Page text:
Supercharge Ubuntu’s Unity Dash with Lenses & Scopes: 5 Lenses to Install

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The dash on Ubuntu’s Unity desktop allows you to search for applications, files, music, and videos – but you’re not just limited to these. Install custom lenses and scopes to extend the dash with more features.

Most additional lenses and scopes are currently found outside the official repositories. Unfortunately, many useful lenses, including the dictionary lens, books lens, and Tomboy notes lens, aren’t yet available in PPAs for Ubuntu 12.04.

Using Lenses & Scopes

If you use Ubuntu’s default Unity desktop, you’re probably familiar with clicking the Dash icon and searching for applications. You can also click the icons at the bottom of the dash to search for files and folders, music, and video — each of these different search panes is known as a “lens.”

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Click the Filter results link within a lensto narrow your search. The options here depend on the lens — for example, the video lens introduced in Ubuntu 12.04 allows you to specify the video websites you want to search. This should give you an idea of the power of lenses — they can search both the web and your computer.

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Scopes are search backends for the lenses. For example, the music lens has Rhythmbox and Banshee scopes, which allow it to search these two music applications. You could add a Spotify scope to search Spotify from the music lens.

Activating Lenses

Unity doesn’t automatically detect new lenses and scopes after you install them. They won’t appear until you restart Unity by logging out and logging back in.

Ask Ubuntu

The Ask Ubuntu lens searches the Ask Ubuntu website. If you have a problem with Ubuntu – or a question you want answered – you can use the lens to find information directly from the Unity dash.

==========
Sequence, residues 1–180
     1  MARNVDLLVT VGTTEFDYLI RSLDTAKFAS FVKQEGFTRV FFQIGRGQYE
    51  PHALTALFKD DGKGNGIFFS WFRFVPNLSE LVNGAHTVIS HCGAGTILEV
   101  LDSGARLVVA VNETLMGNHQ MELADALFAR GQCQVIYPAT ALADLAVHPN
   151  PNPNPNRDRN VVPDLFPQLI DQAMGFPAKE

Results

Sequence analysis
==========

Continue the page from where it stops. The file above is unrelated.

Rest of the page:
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Run the following commands in a terminal to add the appropriate PPA and install the lens:

sudo add-apt-repository ppa:markjtully/ppa
sudo apt-get update
sudo apt-get install unity-lens-askubuntu

Reddit

The Reddit lens lets you browse Reddit directly from the Dash. It also adds content to the home lens, so you’ll see new content from Reddit whenever you pull up the dash.

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Add the personal package archive (PPA) and install the lens with these commands. Skip straight to the sudo apt-get install command if you added this PPA earlier:

sudo add-apt-repository ppa:markjtully/ppa
sudo apt-get update
sudo apt-get install unity-reddit-lens

Calculator

The Calculator scope notices when you type arithmetic into the search box in the dash and displays the result – you don’t have to do anything special. The calculator uses the same backend as the GCalctool calculator included with Ubuntu.

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:Execute the following commands to add the appropriate PPA and install the lens:

sudo add-apt-repository ppa:scopes-packagers/ppa
sudo apt-get update
sudo apt-get install unity-lens-utilities unity-scope-calculator

City Information

The city scope detects when you enter the name of a city and displays information about that city, including its weather and time. This plugin, along with the calculator plugin, shows the potential for Unity and the dash to do more than just basic searches.

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Use these commands to install the lens and scope. If you’ve already added this PPA, you can skip straight to the sudo apt-get install command:

sudo add-apt-repository ppa:scopes-packagers/ppa
sudo apt-get update
sudo apt-get install unity-lens-utilities unity-scope-cities

Gwibber

Search for unity-lens in the Ubuntu Software Center and the only lens you’ll find in the default repositories is the Gwibber lens.

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Gwibber is the default social media application included with Ubuntu — it supports Twitter, Facebook, and other services. To set it up, click the mail icon on the panel at the top right corner of the screen and select Set Up Broadcast Accounts. This lens searches your Gwibber stream for status updates, images, and other information — use the filters to search for specific types of information.

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Do you use another useful lens or scope? Leave a comment and let us know about it.

Chris Hoffman is a technology writer and all-around computer geek. He's as at home using the Linux terminal as he is digging into the Windows registry. Connect with him on Google+.

  • Published 04/29/12
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